Tourette's Syndrome

Tourette syndrome is a complex problem with the nerves and cells that carry messages to and from the brain and spinal cord to the rest of the body. Tourette syndrome causes involuntary repetitive movements or sounds, or tics. Treatment for Tourette syndrome focuses on controlling tics and can include behavioral therapy, medication or implantable devices.

What is Tourette Syndrome?

Tourette syndrome is a nervous system disorder that often begins in childhood and results in a person making sudden, brief repetitive movements or sounds (tics) that can’t easily be controlled. Tics can worsen when a person is ill, stressed or tired. Tics also come and go over time and can vary in type, frequency and severity.

Baptist Health is known for advanced, superior care of patients with neurological disorders and the diagnosis, management and treatment of Tourette syndrome. Our 24/7 inpatient neurology and neurosurgery services, as well as our outpatient services, Home Health, physical, occupational, speech and cognitive therapy services are available to help treat people with Tourette syndrome. In addition, we have the region’s only advanced 3Tesla MRI, MRI spectroscopy and functional MRI, to accurately diagnose and optimally treat all manner of neurologic disease including Tourette syndrome.

You will appreciate timely appointments and a professional, friendly atmosphere where we take time to listen to your concerns. At Baptist Health, you have access to the region’s most comprehensive, multidisciplinary team of specialists and innovative therapies, including many available only through specialized clinical trials. In every way, we work to demonstrate the utmost in excellent care to those who trust us with their health.

Signs and Symptoms

Tics, the sudden, intermittent, involuntary movements or sounds, are the most common symptom of Tourette syndrome. Tics can be simple or severe and include both movement and sounds. People with Tourette syndrome typically experience a sensation like an itch, tingle or tension before the tic begins. The tic stops the sensation.

Motor tics are involuntary, repetitive movements that can include:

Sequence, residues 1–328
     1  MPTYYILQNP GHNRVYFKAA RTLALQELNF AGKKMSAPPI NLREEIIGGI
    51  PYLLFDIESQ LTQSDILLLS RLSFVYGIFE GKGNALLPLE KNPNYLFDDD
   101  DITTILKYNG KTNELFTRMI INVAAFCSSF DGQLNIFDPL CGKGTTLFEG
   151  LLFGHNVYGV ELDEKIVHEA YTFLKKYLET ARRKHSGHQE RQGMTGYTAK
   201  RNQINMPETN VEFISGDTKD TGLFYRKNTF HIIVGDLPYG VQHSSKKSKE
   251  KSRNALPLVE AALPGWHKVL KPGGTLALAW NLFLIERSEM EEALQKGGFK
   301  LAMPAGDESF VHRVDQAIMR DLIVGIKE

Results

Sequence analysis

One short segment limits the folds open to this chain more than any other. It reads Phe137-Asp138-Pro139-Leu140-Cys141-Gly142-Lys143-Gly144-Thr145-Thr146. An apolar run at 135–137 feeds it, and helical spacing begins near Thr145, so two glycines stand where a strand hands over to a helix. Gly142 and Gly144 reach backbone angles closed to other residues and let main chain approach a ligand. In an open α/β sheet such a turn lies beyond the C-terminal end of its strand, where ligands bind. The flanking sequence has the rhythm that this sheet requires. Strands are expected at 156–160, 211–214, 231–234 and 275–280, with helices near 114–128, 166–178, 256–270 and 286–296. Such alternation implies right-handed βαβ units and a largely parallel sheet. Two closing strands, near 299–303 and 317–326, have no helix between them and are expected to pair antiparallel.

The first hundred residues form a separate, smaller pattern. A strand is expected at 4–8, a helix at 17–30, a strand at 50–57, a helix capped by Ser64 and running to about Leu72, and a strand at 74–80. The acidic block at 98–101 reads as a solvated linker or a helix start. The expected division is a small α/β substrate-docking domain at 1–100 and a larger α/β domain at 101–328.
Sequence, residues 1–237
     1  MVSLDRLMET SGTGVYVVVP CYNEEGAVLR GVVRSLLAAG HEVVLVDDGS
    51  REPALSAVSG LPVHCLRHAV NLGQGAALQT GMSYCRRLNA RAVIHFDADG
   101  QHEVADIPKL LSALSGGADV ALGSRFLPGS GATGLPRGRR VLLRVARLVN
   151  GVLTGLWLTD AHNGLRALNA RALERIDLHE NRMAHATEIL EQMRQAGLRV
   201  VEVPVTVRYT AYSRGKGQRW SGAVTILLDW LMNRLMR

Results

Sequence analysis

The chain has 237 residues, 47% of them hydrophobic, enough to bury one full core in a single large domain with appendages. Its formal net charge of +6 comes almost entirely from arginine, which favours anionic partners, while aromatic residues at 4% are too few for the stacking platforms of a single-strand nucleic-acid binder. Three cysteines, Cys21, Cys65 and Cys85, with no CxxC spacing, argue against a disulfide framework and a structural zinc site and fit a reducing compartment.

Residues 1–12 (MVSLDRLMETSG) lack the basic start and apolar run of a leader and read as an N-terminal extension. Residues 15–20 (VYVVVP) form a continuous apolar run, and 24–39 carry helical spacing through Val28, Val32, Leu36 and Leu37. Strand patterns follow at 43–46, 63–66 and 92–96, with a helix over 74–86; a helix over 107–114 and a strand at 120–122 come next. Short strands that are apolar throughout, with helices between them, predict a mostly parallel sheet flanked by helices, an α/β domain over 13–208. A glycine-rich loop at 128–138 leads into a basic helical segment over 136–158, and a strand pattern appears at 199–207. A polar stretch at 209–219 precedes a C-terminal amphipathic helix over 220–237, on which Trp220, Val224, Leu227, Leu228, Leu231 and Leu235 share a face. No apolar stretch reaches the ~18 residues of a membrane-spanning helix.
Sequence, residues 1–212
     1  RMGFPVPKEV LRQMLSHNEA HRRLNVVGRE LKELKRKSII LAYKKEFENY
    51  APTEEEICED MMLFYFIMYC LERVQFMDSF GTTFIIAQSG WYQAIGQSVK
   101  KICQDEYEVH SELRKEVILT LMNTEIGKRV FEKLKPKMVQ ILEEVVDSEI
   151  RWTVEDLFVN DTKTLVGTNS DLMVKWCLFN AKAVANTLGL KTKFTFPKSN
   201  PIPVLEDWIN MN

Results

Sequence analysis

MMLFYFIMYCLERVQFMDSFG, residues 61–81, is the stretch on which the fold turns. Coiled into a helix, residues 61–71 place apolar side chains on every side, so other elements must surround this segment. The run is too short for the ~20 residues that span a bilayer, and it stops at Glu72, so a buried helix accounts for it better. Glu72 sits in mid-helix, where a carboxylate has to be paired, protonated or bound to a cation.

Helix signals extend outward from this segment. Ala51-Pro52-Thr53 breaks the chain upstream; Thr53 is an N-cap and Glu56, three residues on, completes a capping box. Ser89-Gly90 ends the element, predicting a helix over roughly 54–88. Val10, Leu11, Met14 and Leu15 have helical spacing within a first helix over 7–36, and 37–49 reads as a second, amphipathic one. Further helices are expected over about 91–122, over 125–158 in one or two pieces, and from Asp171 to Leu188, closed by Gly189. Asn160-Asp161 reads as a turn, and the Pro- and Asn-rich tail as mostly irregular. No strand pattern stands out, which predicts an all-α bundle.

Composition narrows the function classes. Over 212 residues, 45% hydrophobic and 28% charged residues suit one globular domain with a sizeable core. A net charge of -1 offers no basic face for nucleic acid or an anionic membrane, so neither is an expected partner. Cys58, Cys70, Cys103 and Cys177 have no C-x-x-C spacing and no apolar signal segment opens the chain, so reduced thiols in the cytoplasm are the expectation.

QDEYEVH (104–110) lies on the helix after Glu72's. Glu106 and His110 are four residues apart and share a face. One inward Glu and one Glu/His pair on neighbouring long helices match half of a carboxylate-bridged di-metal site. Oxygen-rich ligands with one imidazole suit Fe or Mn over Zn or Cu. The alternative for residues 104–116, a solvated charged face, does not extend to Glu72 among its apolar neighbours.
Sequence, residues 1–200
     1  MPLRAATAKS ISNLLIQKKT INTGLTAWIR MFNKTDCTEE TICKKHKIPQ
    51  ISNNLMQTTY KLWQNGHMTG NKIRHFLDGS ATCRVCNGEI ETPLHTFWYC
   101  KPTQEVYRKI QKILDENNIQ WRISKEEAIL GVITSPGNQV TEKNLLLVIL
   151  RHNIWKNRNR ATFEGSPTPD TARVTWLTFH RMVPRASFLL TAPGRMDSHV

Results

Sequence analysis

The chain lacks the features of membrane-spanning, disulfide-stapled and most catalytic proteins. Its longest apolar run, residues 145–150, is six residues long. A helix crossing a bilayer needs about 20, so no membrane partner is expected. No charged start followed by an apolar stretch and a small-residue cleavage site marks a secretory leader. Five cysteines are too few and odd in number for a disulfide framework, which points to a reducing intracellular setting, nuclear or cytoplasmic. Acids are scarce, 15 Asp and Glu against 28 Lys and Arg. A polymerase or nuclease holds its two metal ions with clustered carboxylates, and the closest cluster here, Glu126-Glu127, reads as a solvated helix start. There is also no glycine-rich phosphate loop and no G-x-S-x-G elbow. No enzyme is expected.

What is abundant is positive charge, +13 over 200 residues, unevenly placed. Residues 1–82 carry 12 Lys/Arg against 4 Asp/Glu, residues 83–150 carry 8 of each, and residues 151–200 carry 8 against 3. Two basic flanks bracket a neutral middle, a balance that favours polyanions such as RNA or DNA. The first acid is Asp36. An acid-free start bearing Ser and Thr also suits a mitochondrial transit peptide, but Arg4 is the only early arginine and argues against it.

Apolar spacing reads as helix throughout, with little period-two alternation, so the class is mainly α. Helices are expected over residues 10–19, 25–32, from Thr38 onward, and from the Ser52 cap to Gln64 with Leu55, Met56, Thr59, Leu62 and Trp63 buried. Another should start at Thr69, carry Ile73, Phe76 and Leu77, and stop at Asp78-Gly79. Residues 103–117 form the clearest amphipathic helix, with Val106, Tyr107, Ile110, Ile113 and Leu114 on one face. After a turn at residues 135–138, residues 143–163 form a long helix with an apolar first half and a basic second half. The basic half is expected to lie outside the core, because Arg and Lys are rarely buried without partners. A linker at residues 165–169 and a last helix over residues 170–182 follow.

• Arm or head jerking
  • Blinking
  • Mouth twitching
  • Shoulder shrugging
  • Making faces

Vocal tics can include:

  • Barking or yelping
  • Throat clearing
  • Grunting
  • Repeating what someone says
  • Shouting
  • Sniffing
  • Swearing


Tics can be caused by conditions other than Tourette’s syndrome. If Tourette’s syndrome is suspected, your physician will do a thorough physical to rule out other causes like another condition or reaction to medication. To determine if someone has Tourette syndrome, we use advanced diagnostic procedures and technology to effectively diagnose, inform treatment and carefully monitor the condition. Diagnostic procedures can include:

Blood test: Blood tests can help rule out other conditions.
CT scan: X-rays and computers are used to create images of the brain. This provides a more detailed picture than an ultrasound.
Magnetic resonance imaging (MRI): A large magnet, radio waves and a computer are used to produce detailed pictures of the brain.


Tourette syndrome is a complex condition and the exact cause is unknown. Research indicates it is likely caused by a combination of inherited and environmental factors that affect certain areas of the brain.

Risk Factors

Risk factors that could contribute to Tourette syndrome include:

Family history: People with a family history of Tourette syndrome or other tic disorders have an increased risk for Tourette syndrome.
Being male: Males are more likely than females to develop Tourette syndrome.


Tourette syndrome is not a preventable condition.


Tourette syndrome is not a degenerative condition and can be controlled with medication. Some people experience improvement in the late teens and become symptom-free.

Treatment and Recovery

Treatment is focused on controlling the tics that interfere with activities of daily living.


Medications can be prescribed to help control the tics, increase attention and concentration, control impulses and alleviate depression and anxiety.


Different therapies can help a person control behavior and cope with stress.

Surgical Devices

Some types of tics can be controlled with implantation of devices. Deep brain stimulation (DBS) is a procedure that implants electrodes into the brain which send programmed electrical impulses to the area of the brain affected by the disorder.


Sometimes, Tourette syndrome is associated with other conditions, including:

  • Learning disabilities including attention-deficit/hyperactivity disorder (ADHD) and dyslexia
  • Obsessive-compulsive disorder (OCD)
  • Autism spectrum disorder
  • Sleep disorders
  • Depression and anxiety
  • Pain related to tics, especially headache

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